The larger companies that are looking to introduce plant-based into their... that's fascinating and we've been having some conversations. I've been on calls of interest from major national and international brands that say, "Okay, we've been a dairy company for a hundred years. How do we do this?" I think there, it's a combination of food science at that scale because they're going to go to national rollout very quickly, so you need that volume. Either they have the facilities that can do that or we help them find major manufacturing third-party copackers who can really do this at scale at food safety levels and everything that's required. I think for them, it's also more interesting and they need more assistance.

How do they communicate this idea that they can offer a plant-based alternative and still not be abandoning their heritage as a company and they're still going to produce cheese? There are companies that have done it well and maybe quietly I would say... I do mentoring with the Chobani Food Incubator and by helping to try to push more plant-based companies into that, I feel like that's always part of what I'm trying to do. I don't know if that's successful or not, but there have been plenty, but they launched a plant-based yogurt and they're not anti-dairy, they just see that there's a market for this and they're joining the market. Well, many more people are going to have a plant-based yogurt alternative. That's fantastic. That's what we're looking for.

I think to help them see what that landscape looks like, let them know that this is really... Sometimes we're in our own bubble in the plant-based world, and to let them know that this is much larger than a small group. It's through every geographic location in the country. We have data for that from SPINS and Nielsen. It's growing everywhere, socio-economic. It's not just an elite thing that's on the coasts. I think that's a big turning point by having data for these companies, listen, that's how they operate, so by providing them with some real market data to show that this is something that could be a winning solution for them, both... Obviously, from our perspective, it's ethically the right thing to do, but from their perspective, certainly when they see that a loss of market share, this could be a way to regain that.

Who knows? There have been some companies where they've had... it just so happened that all of their products were plant-based except for maybe two, and we went to them to say, "Well, let's help you get this other two plant-based and now you can stand there and say, 'We're a plant-based brand.'" There's no confusion of your consumer base of, "Oh, I can eat that SKU, I can't eat that SKU." You know have something that you can really stand behind because, at the end of the day, we know that the Millennial buyer market, which is a very large group, really cares about what your mission is and how much you stand by your mission. To have that brand integrity, it's very easy to do when they just have one or two and it's like, "Oh, wait a second. You're only doing that because of the cheese flavor? We can help you switch that out." That's exciting when that happens.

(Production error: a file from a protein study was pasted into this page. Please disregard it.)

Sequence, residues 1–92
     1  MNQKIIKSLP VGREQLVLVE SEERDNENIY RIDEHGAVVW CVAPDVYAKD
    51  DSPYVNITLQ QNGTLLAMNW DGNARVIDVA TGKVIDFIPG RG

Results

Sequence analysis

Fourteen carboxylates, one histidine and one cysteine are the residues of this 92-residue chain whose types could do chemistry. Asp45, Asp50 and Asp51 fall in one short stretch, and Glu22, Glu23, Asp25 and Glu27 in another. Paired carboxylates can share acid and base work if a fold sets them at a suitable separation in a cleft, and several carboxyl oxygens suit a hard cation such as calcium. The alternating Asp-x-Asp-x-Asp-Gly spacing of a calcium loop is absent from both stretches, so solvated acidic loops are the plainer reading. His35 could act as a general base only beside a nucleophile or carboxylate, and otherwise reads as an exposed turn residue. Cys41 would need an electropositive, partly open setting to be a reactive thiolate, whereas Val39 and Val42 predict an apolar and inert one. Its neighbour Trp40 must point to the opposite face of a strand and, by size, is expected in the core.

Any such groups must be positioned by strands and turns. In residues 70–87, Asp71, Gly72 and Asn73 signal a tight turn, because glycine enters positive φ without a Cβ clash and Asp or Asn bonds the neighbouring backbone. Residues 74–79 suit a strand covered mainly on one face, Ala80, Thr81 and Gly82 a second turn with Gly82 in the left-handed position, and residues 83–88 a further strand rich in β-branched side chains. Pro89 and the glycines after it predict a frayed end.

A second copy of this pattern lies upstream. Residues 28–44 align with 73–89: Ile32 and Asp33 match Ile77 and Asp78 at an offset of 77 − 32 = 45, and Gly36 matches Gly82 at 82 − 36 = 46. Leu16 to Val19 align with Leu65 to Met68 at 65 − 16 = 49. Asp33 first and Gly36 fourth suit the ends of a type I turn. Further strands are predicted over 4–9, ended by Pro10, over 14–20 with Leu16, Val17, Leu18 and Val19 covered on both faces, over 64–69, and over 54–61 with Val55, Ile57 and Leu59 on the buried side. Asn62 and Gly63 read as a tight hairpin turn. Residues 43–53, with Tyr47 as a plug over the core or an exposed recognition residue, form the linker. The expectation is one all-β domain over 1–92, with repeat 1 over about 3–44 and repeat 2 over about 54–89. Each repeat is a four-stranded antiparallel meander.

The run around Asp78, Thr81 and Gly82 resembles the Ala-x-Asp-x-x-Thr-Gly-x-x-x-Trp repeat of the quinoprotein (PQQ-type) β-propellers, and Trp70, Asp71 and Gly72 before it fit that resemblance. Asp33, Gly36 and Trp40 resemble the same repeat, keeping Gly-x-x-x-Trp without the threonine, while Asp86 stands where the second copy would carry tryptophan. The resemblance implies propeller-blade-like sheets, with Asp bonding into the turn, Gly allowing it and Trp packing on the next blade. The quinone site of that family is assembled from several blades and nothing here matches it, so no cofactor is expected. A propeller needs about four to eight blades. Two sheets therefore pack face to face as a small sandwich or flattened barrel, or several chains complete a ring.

Dan: So critically important that you're doing this, and to kind of frame it a little bit, you made the comment that... Well, first of all, I want to touch on the fact it reduces allergens, and so I've had a lot of conversations on this podcast, Garrett Hirschberg, a lot of other people, about organic and about how when we think about back when I was younger, I don't remember people with as many food allergies, as many food ailments as there are today. Where does that

Daniel: Absolutely.

Dan: Come from? Well, it's not scientifically proven that it's process foods, et cetera. There's something there and this is something that has occurred only in the last couple of decades. Anyhow, like I said, talking to even Seth Goldman, who I think it was Seth that we're talking about, how we used to joke about how the package tastes better than the ingredients inside of it, the product inside. That's changed so much. Plant-based is a real viable solution to anyone who has tried to get away from allergy, products that create allergy-type specific issues.

Now, you've mentioned that the business side, so I don't know if you're aware of this or not, but many years ago, David reached out to me about a project that he was trying to do for The Plant-Based Food Association and he wanted me to prove a theory we had been talking that I had. The idea was that I wanted to be able to prove that plant-based foods were the ones responsible for all the driving sales across every category. At the time what I did, and this was the impetus for The 2016 Category Management Handbook, I'll put a link to it in the podcast show notes, but the idea was that every category is down or declining in the absence of organic, plant-based, et cetera.

Let me frame it this way because the data wasn't that good to be able to identify or isolate plant-based, and so if you take a look at total dairy, dairy is up 1.5%, organic dairy was up 12%, organic dairy represented 9.8% of a multi-billion-dollar pie. If you remove that small sliver of the business away, then total dairy is only at .5%. Other categories, you'd see the exact same thing and they'd even be down more if you remove natural or organic, et cetera. Well, that's pretty easy to code, but back then, the coding or the breakout of the plant-based products really wasn't very accurate and that was a huge challenge.